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Without doubt, Brazil's Maria Bethânia is one of the most compelling, impassioned singers I've ever heard. But finding the "right" Bethânia album can be daunting for listeners new to MPB ( Música Popular Brasileira ). Her studio recordings are something of a mixed bag, but she's an absolute knockout onstage. My suggestion: try one (or both) of these live sets.
Recital na Boite Barroco was recorded soon after Bethânia's professional debut, and it shows why the public went crazy for her. The intimate setting is just right for the singer and her backup band. (Here it's the Terra Trio, a crack bossa-jazz outfit equally accomplished at vocals and instrumentals.) And what a set list! She starts off with Gilberto Gil's supercharged "Marginâlia II" and never lets up, with poignant sambas by Noel Rosa ("ÃÅ¡ltimo Desejo") and Assis Valente ("Camisa Listrada") alternating with boleros, bossa nova classics and Pixinguinha's matchless choro, "Carinhoso."
Maricotinha Ao Vivo is more than a reprise of Bethânia's latest studio album it's a sonic summary of her 35-year career. The arrangements, written by longtime musical partner Jaime Alem, have a lean, spare quality that suits her performing style to a T. Among the many memorable tracks: "Ronda" (by São Paulo-based composer Paulo Vanzolini), Rita Lee's "Baila Comigo/Shangrilá," and the haunting "A Voz de uma pessoa vitoriosa" (by her brother Caetano Veloso and poet Waly Salomão).
There's a lovely northeastern lilt to the set, due partly to the inclusion of jaunty baiões by Luiz Gonzaga, along with songs by Chico César and Lenine. As usual, Bethânia recites plenty of poetry this may be somewhat baffling if you don't know Portuguese, but don't let it put you off. The lady's got a decided flare for the spoken word, and excellent taste besides. (You might even find yourself gravitating toward these tracks, as I have.) In all, a show worth savoring.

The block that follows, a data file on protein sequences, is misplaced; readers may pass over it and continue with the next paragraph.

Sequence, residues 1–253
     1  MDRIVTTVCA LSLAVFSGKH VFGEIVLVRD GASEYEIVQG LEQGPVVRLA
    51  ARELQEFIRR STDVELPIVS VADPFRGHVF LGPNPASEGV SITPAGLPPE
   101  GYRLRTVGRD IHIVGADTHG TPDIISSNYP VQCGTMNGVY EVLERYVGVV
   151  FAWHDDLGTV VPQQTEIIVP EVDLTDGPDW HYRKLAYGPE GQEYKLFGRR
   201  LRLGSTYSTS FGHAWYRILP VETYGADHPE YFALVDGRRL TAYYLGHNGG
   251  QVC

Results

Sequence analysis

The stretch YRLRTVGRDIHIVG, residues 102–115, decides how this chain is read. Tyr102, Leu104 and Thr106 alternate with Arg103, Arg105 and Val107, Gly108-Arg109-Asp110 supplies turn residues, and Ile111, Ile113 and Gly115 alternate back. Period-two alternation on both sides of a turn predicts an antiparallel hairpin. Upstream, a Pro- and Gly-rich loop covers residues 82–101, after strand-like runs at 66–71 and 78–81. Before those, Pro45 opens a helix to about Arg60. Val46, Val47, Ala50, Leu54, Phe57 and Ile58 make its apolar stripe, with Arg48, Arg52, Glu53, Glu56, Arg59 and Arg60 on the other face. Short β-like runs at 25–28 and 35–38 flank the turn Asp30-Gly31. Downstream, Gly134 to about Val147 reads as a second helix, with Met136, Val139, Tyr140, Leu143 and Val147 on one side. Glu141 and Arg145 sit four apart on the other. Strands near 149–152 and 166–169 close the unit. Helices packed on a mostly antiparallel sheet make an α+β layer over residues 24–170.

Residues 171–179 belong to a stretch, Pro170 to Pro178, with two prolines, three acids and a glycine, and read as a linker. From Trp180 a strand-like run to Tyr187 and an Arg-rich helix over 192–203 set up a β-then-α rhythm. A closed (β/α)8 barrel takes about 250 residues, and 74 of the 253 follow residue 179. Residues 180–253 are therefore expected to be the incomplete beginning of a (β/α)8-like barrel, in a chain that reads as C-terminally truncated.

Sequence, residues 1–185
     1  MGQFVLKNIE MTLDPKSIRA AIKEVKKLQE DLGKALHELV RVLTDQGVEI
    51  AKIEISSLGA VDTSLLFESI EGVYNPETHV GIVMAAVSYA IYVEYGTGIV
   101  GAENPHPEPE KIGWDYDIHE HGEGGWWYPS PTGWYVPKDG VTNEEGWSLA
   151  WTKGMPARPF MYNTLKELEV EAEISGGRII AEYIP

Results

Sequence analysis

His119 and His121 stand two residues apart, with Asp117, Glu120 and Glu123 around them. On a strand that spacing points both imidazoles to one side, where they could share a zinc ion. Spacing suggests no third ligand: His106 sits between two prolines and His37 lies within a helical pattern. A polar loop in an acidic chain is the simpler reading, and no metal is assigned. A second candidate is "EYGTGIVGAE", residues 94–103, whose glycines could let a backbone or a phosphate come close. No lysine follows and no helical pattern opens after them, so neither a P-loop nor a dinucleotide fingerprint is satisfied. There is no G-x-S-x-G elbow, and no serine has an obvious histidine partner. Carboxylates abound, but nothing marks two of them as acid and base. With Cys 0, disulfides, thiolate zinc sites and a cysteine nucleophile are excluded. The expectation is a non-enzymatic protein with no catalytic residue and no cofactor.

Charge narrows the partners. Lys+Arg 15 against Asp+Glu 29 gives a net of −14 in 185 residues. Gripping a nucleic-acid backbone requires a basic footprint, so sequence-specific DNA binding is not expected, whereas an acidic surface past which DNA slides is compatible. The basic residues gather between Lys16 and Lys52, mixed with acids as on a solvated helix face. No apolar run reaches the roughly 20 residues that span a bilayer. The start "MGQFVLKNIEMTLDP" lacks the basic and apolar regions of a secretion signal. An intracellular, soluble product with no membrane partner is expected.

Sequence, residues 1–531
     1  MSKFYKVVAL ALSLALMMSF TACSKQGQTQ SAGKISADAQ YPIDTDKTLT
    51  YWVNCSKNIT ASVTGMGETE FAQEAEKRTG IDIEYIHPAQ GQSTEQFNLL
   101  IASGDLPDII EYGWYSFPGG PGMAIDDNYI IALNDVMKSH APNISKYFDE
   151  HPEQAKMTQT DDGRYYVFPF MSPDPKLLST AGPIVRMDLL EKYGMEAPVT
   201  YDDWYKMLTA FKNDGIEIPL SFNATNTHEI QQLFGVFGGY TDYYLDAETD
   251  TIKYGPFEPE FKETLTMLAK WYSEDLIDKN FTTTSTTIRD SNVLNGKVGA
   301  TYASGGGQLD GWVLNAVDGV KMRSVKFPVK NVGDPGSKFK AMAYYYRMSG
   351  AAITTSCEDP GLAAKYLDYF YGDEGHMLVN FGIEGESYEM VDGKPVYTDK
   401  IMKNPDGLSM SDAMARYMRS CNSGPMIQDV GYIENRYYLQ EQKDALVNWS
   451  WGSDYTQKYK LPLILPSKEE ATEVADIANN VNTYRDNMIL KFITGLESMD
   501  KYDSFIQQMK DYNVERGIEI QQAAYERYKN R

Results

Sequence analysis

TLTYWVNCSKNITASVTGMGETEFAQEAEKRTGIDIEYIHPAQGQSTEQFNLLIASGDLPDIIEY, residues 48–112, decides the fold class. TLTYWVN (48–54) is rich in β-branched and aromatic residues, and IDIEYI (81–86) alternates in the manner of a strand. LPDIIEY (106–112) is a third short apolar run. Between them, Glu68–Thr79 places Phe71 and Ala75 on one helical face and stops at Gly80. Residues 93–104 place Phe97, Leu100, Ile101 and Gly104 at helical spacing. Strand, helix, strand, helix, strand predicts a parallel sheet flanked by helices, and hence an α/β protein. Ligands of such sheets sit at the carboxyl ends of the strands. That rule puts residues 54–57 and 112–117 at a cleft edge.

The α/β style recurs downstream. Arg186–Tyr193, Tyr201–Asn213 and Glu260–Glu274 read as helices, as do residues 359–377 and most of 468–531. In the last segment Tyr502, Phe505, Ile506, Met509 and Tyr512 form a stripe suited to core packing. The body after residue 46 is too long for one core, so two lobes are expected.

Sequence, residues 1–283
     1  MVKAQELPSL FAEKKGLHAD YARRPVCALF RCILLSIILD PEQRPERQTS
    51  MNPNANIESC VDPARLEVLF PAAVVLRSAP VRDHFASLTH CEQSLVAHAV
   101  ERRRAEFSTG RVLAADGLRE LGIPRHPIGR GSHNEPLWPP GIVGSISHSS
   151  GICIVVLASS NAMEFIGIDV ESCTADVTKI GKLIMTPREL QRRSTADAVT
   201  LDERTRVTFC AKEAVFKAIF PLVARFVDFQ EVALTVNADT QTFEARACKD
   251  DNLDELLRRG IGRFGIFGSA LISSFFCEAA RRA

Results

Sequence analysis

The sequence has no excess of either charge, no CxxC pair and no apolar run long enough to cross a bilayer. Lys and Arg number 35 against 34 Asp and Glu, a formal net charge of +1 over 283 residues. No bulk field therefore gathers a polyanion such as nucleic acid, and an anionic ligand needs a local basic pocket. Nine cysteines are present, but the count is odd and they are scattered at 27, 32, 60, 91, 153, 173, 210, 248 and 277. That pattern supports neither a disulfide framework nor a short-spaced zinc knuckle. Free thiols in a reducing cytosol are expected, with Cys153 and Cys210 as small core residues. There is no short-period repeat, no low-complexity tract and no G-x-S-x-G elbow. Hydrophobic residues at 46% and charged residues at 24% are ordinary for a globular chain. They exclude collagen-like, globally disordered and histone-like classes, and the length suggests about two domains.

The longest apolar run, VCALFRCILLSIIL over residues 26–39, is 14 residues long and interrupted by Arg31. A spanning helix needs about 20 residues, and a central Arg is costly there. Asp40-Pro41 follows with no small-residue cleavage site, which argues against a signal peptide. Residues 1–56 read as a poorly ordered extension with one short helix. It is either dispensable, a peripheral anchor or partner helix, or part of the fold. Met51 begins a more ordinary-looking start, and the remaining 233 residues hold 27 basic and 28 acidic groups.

Track Listing: Recital na Boite Barroco 1. Marginâlia II; 2. Carinhoso; 3. Se todos fossem iguais a você; 4.
Último Desejo; 5. Camisa Listrada; 6. Marino; 7. O que tinha de ser; 8. Molambo; 9. Lama; 10. Pano
Legal; 11. Café Soçiate; 12. Pé da Roseira; 13. Ela falava nisso todo dio; 14. Baby; 15. Maria, Maria.
Maricotinha Ao Vivo Disc One: 1. Overture: Dionisia Número 1; 2. A Moça do Sonho; 3. Sou
eu Mesmo o Trocado; 4. O Quereres; 5. Pau-de-Arara; 6. Dona do Dom; 7. Festa;
8. A Moça do
Sonho (reprise); 9. Eu Não Sabia, Tu Não Sabias; 10. Fotografia; 11. Anos Dourados; 12. Todo o
Amor Que Houver Nessa Vida; 13. De Todas as Maneiras; 14. Eu Quero Ser Possuida Por Você;
15. Seu Jeito de Amar; 16. Negue; 7. Sobre Todas as Coisas; 18. Sob Medida; 19. Casinha Branca;
20. O Canto da Dona Sinhá; 21. O Tempo e o Rio; 22. Menininha; 23. Le Lac de Come; 24. Poema
do Menino Jesus; 25. O Doce Mistério da Vida
Disc Two: 1. A Voz de Uma Pessoa Vitoriosa; 2. Maricotinha; 3. Baila Comigo/Shangrilá; 4. Cantada
(Depois de Ter Você); 5. Nossa Canção; 6. Sábado em Copacabana; 7. Boites; 8. Se Eu Morresse
de Saudades; 9. Boites Sampa; 10. Ronda; 11. Âlibi; 12. Nem Sol, Nem Lua, Nem Eu; 13. Quando o
Amor Vacila; 14. Noite de Estrelas; 15. Quem É Essa Agora; 16. Pra Rua Me Levar; 17. Senhores,
Sou um Poeta; 18. Apesar de Você; 19. A Moça do Sonho (reprise); 20. Opinião; 21. Rosa dos
Ventos; 22. E Depois de Uma Tarde; 23. Amor de Índio; 24. Coração Ateu
Personnel: Recital na Boite Barroco : Maria Bethânia, vocals; Terra Trio, piano, bass, drums, backing
Maricotinha Ao Vivo : Maria Bethânia, vocals; Jaime Alem, guitars, voice, keyboards,
arranger; João Carlos Coutinho, piano, keyboards, accordion; João Castilho, electric and acoustic
guitars, viola caipira; Romulo Gomes, acoustic and electric bass; Márcio Mallard, cello; Bernardo
Bessler and Ricardo Amado, violin; Carlos Balla, drums; Reginaldo Vargas, percussion
I love jazz because anything is possible; it has few rules and the best jazz breaks those ones. I prefer free improv because it doesn't really have any rules at all.
I was first exposed to jazz in my teens (in the late sixties).
The first jazz record I bought was Filles de Kilimanjaro by Miles Davis, shortly followed by Extrapolation by John McLaughlin.
My advice to new listeners is to listen as widely as possible and not to make snap judgments--stick with it.